Waste Management In Action

A green recovery

Veolia Australia and New Zealand’s newly appointed CEO and Managing Director Richard Kirkman outlines how the company will achieve ecological transformation.

A new report published by the United Nations Environment Program has named Australia as having the lowest spend on green recovery solutions, post-pandemic, across the globe.

The research looked at the world’s 50 largest economies, analysing how much stimulus spending was directed towards ‘clean and green’ innovations such as electric vehicles and renewable energy.

Australia ranked weakly in all categories, with its gas-fired recovery assigned a net negative impact on environment and human health.

While these findings may be cause for concern for some, for Richard Kirkman, Veolia Australia and New Zealand’s newly appointed CEO and Managing Director, they highlight significant opportunity for growth, investment, and environmentally focused invention.

“There’s a lot of room to grow,” he says.

Kirkman explains that the appetite for change is here, with Australia and the world exploring how carbon reduction and sustainable materials can restimulate economies. He points to Veolia’s purpose which is ecological transformation, highlighting the key role the private sector can play in green recovery and wider environmental protection.

“Ecological transformation means working to radically change patterns of production and consumption, to rebalance the ways humans impact the planet” Kirkman says.

“It means placing ecology at the heart of every process and every assessment, and providing meaningful solutions to clean-up the environment.”


Kirkman’s CEO appointment was announced in September last year, and core to his leadership is achieving Veolia’s ecological transformation ambitions.

He will pivot the organisation to be a trusted partner for complex infrastructure solutions, while influencing policy as an authoritative voice on waste, water and energy challenges facing the region.

Kirkman has a depth of experience in this area, having been a founding member of the Department for Environment, Food and Rural Affairs Council for Sustainable Business, a member of the UK Government’s Council for Sustainable Business, a member of the UK Plastics Pact Board, a Commissioner for the Green Innovation Policy Commission, and most recently a member of the ANZPAC Plastic Pact.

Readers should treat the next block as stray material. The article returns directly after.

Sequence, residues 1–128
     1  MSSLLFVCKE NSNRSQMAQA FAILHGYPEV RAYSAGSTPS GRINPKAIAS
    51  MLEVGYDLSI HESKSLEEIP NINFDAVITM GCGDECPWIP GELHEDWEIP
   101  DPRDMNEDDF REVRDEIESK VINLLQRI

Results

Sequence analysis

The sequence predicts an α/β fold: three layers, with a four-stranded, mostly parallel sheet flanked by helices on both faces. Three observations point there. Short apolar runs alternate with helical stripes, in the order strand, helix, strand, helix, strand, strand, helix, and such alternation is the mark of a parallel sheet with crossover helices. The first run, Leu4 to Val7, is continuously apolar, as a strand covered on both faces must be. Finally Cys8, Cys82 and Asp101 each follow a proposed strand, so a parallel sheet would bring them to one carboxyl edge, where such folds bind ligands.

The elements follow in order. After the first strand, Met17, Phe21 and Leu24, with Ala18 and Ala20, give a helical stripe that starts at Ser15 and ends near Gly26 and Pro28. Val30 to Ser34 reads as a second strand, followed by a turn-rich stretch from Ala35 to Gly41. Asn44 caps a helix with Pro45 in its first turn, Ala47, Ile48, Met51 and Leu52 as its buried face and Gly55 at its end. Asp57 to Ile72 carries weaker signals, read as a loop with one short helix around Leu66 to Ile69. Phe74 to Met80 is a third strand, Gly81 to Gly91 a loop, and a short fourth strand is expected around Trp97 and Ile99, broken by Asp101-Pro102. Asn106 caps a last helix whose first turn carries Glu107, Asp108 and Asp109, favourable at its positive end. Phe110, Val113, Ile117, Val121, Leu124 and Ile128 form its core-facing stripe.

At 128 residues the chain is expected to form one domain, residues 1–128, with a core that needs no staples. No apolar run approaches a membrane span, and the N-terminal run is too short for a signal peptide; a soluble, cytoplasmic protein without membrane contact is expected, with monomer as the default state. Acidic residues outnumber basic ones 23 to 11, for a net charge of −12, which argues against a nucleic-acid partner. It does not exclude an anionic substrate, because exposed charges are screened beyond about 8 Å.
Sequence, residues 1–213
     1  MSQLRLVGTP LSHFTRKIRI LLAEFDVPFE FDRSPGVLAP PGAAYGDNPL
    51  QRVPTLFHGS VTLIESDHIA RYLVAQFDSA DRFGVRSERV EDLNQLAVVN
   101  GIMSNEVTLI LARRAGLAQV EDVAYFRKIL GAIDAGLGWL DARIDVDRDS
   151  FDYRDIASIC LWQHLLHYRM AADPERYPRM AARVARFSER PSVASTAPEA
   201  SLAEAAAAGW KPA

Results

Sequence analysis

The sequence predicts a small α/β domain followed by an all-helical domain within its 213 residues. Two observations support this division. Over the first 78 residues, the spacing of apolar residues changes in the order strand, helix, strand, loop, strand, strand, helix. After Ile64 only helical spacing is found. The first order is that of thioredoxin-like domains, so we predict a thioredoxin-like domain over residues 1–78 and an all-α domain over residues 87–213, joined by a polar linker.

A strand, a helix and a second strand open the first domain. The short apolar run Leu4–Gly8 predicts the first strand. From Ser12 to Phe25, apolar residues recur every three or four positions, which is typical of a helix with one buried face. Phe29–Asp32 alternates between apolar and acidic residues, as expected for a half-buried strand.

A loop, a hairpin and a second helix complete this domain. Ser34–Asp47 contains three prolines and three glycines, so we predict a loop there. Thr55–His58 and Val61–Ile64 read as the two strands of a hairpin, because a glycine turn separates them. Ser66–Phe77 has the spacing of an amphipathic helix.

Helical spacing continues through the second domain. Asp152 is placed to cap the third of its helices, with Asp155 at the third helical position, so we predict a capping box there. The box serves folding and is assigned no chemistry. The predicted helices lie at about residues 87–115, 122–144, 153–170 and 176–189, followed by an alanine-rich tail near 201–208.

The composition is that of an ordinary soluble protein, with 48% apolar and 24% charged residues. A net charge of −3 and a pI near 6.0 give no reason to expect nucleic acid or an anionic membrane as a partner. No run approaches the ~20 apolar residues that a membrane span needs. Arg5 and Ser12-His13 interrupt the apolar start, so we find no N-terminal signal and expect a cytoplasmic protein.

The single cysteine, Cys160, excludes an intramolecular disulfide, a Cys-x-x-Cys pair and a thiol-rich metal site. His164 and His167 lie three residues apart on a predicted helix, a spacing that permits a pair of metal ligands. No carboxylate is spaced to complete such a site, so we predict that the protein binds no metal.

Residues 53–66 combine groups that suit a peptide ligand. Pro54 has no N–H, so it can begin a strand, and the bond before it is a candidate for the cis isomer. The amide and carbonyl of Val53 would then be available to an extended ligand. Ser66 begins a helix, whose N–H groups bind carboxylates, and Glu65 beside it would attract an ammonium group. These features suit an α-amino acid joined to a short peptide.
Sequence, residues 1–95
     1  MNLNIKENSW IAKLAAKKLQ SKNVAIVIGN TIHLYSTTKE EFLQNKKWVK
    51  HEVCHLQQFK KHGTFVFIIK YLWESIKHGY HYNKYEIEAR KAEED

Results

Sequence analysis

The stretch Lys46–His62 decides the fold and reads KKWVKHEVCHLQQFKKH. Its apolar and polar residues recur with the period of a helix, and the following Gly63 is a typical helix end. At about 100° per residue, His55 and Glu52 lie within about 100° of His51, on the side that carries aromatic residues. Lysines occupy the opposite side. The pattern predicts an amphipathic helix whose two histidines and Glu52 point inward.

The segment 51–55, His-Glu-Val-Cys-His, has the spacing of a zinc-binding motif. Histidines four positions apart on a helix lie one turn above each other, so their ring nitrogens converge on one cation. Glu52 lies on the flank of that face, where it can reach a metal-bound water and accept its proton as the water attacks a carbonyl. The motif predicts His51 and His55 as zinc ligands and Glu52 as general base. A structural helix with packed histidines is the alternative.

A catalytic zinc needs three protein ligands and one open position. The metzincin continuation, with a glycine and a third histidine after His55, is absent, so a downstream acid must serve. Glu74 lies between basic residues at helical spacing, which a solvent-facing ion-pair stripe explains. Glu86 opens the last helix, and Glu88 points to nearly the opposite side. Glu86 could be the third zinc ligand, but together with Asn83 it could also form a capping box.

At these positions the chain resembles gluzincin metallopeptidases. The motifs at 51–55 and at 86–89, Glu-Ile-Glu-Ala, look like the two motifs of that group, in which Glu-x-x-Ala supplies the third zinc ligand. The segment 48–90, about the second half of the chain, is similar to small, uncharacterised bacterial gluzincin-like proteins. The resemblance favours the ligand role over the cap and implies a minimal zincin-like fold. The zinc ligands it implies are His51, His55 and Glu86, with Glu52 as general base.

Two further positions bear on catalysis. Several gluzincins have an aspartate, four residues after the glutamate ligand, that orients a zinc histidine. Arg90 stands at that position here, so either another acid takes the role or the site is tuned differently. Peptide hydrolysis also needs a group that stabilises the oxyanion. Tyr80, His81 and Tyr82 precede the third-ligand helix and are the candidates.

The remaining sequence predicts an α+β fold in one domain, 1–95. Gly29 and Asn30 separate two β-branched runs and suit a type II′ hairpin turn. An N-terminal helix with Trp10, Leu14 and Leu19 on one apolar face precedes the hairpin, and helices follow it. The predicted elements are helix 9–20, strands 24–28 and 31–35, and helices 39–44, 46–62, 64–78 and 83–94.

“The world is looking for some positivity post-Covid – a green recovery – and I think we can do that in Australia and New Zealand. I am really excited about the opportunity,” Kirkman says.

Since joining Veolia’s energy team as an environmental engineer in 1994, Kirkman has helped position the company at the forefront of technology and innovation, delivering the infrastructure to enable its expansion within the resource management sector.

“My background is across energy, water and waste activities – providing technical services and complex solutions for industry and local authorities in terms of improving environmental performance,” Kirkman says.

“I’ve come from the UK, where I was building infrastructure such as energy recovery facilities, recycling centres, composting plants, water treatment works and renewable energy installations. I intend to lead the build of sustainable infrastructure in Australia too.”


Kirkman’s move from the UK to Australia highlights Veolia’s expansive international footprint. As illustrated in the Group’s Impact 2023 strategic plan – released February last year – Veolia has a presence in Western, Central and Eastern Europe, North American, Latin America, Africa, the Middle East, Asia, Australia, and New Zealand.

Impact 2023 is Veolia’s latest operational roadmap, setting out to achieve positive impact across key indicators such as supporting regional development, combating pollution and providing access to essential services for Veolia’s five main stakeholders: shareholders, employees, clients, the planet, and society.

Kirkman highlights ecological transformation as the critical takeaway from Impact 2023.

“Put simply, what we’re talking about with ecological transformation is doing things differently. Traditionally, when you said ‘recycling’, people thought about a tin can being turned into scrap metal,” Kirkman says.

“When we talk about ecological transformation, we’re thinking more widely. We’re thinking about how much water we use, how much energy we use and where our waste is going. By looking at all these elements together, we can have a much more cost effective and impactful solution.”

According to Kirkman, Veolia aims to lead the industry for ecological transformation. He adds that Australia is well placed to support the Group’s wider international commitments.

“Ecological transformation is something we’ve always done as a company – we don’t manufacture a product that we sell to the public and we’re not a standard producer,” Kirkman  says.

Rather, Veolia provides essential services that allow the industry, commerce and society to thrive sustainably.

“We support everyone to reduce their consumption where possible, and where it’s not, we work to improve processes, reduce energy use, recycle water and materials, and recover resources,” Kirkman says.

“That’s always been our business model, and we have many business cases that demonstrate our ability to do this at a financial savings for our customers – it’s a win-win.

“The transition to achieving ecological transformation can be achieved in many ways, it can be a plain old switch – shutting down processes that aren’t environmentally sound and replacing them with something innovative that could have many stages, or a long incremental process.”